Proving Prior Invention Does Not Require That the Prior Inventor Appreciated the Subject Matter Using the Same Words of the Claim
December 01, 2011
Last Month at the Federal Circuit - January 2012
Judges: Rader, Dyk, Linn (author)
[Appealed from: E.D. Pa., Judge Yohn]
In Teva Pharmaceutical Industries Ltd. v. AstraZeneca Pharmaceuticals LP, No. 11-1091 (Fed. Cir. Dec. 1, 2011), the Federal Circuit affirmed the district court’s grant of SJ of invalidity of certain claims of Teva Pharmaceutical Industries Ltd.’s (“Teva”) U.S. Patent No. RE39,502 (“the ’502 patent”) based on AstraZeneca Pharmaceuticals LP’s (“AstraZeneca”) prior invention under 35 U.S.C. § 102(g)(2).
AstraZeneca manufactures and sells the drug CRESTOR®, which is a statin (rosuvastatin calcium) formulation for the treatment of dyslipidemia. Because statins are inherently unstable compounds, they must be manufactured in stabilized formulations. Therefore, AstraZeneca designed the CRESTOR® composition with the stabilizer tribasic calcium phosphate. CRESTOR® also contains crospovidone, which AstraZeneca included as a disintegrant.
Teva sued AstraZeneca for infringing several claims of the ’502 patent by manufacturing and selling CRESTOR®. The asserted claims are directed to statin formulations stabilized exclusively by an amido-group containing polymeric compound (“AGCP compound”) or by an amino-group containing polymeric compound. Teva asserted that it had conceived and reduced to practice its claimed invention by December 1, 1999.
It was uncontested that AstraZeneca intended to use tribasic calcium phosphate, which is not an AGCP compound, as the stabilizer in its formulation, and it did not appreciate, prior to December 1, 1999, the alleged stabilizing effect of crospovidone, an AGCP compound, in CRESTOR®. It was also undisputed that AstraZeneca manufactured multiple batches of rosuvastatin calcium with the same ingredients in substantially the same amounts as its CRESTOR® composition beginning in mid-1999 and publicly disclosed the ingredients and quantities for its rosuvastatin formulation.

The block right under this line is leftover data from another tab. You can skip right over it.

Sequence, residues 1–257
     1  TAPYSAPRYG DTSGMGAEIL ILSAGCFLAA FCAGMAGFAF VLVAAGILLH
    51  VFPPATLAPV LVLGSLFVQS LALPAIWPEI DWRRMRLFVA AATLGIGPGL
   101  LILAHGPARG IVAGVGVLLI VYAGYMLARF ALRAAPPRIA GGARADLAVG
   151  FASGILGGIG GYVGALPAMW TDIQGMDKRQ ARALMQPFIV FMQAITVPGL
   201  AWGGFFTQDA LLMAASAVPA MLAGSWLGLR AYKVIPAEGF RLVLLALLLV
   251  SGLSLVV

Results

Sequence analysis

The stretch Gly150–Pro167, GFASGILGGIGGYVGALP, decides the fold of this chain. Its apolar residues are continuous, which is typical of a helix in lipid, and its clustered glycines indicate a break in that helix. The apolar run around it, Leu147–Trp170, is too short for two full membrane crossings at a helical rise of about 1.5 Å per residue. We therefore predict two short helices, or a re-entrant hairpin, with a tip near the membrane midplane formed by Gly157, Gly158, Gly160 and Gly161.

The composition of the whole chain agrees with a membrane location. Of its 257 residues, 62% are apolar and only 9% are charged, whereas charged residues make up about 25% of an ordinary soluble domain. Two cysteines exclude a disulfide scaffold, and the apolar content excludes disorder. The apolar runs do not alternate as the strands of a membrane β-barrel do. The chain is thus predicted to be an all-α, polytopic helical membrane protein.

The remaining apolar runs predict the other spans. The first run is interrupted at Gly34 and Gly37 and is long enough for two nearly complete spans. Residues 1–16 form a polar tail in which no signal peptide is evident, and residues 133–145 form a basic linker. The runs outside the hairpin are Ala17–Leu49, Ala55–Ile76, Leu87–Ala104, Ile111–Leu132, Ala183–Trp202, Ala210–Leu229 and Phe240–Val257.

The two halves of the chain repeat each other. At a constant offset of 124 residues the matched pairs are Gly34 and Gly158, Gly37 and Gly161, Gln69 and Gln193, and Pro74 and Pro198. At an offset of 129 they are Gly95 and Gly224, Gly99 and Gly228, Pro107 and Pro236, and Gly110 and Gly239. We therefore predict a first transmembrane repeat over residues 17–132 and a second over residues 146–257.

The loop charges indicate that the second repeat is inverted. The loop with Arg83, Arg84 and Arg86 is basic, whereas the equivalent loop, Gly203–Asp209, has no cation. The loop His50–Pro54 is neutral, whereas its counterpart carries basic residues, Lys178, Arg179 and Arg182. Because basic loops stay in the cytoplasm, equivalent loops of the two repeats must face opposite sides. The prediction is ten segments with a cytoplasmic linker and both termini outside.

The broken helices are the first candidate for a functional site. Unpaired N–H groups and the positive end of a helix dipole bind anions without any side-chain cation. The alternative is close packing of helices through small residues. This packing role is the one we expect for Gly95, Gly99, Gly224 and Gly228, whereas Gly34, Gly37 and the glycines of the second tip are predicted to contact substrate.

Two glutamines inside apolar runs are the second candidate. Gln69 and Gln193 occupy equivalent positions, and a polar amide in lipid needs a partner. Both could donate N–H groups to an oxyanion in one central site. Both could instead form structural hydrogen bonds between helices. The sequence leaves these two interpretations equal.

Based on these facts, AstraZeneca moved for SJ of invalidity under 35 U.S.C. § 102(g)(2), alleging prior invention of the subject matter of Teva’s asserted claims. For the limited purpose of advancing its SJ motion, AstraZeneca conceded infringement of Teva’s claims. The district court granted AstraZeneca’s motion and held the asserted claims invalid in light of AstraZeneca’s prior invention. Teva appealed.
The Federal Circuit noted that it was undisputed for purposes of the appeal that the CRESTOR® composition fell within the scope of the asserted claims because AstraZeneca conceded infringement and Teva maintained its infringement allegation upon which the suit was based. It was also undisputed that AstraZeneca’s conception and reduction to practice of CRESTOR® occurred prior to Teva’s conception of the claimed subject matter, and that AstraZeneca did not appreciate the alleged stabilizing effect of crospovidone in its CRESTOR® composition. Therefore, the only question before the Court was whether, as a matter of law, AstraZeneca had to appreciate that crospovidone stabilized the drug in order to prove prior invention under § 102(g)(2).
The Federal Circuit rejected Teva’s argument that, to prove prior invention, AstraZeneca had to show that it appreciated that the amount of crospovidone in its earlier composition had a stabilizing effect. Relying on Dow Chemical Co. v. Astro-Valcour, Inc., 267 F.3d 1334 (Fed. Cir. 2001); Mycogen Plant Sciences v. Monsanto Co., 243 F.3d 1316 (Fed. Cir. 2001); and Invitrogen Corp. v. Clontech Laboratories, Inc., 429 F.3d 1052 (Fed. Cir. 2005), the Court stated that the party asserting prior invention must prove that it appreciated what it had made, but the prior inventor did not need to know everything about how or why its invention worked and did not need to “conceive of its invention using the same words as the patentee would later use to claim it.” Slip op. at 11. Thus, because AstraZeneca had conceded infringement (such that the amount of crospovidone fell within the claimed “stabilizing effective amount”), the Federal Circuit held that AstraZeneca only had to appreciate (1) that the composition it asserted as its prior invention was stable, and (2) what the components of the composition were. It did not need to appreciate which component was responsible for the stabilization. Because AstraZeneca had the requisite appreciation, the Court rejected Teva’s argument regarding crospovidone’s alleged stabilizing effect.
Second, the Federal Circuit dismissed Teva’s argument that the district court incorrectly applied the doctrine of inherent anticipation in the § 102(g)(2) context, because Teva’s infringement allegations and AstraZeneca’s limited concession of infringement removed any factual dispute about whether or not the prior art includes a certain claim limitation (expressly or inherently).
Finally, the Court rejected Teva’s argument that AstraZeneca suppressed or concealed its prior invention by not disclosing that crospovidone had a stabilizing effect because, as noted above, AstraZeneca did not need to appreciate this supposed property of crospovidone.
Accordingly, the Federal Circuit affirmed the district court’s grant of SJ under 35 U.S.C. § 102(g)(2) invalidating the asserted claims of the ’502 patent.
Summary authored by Daniel A. Lev, Ph.D., Esq.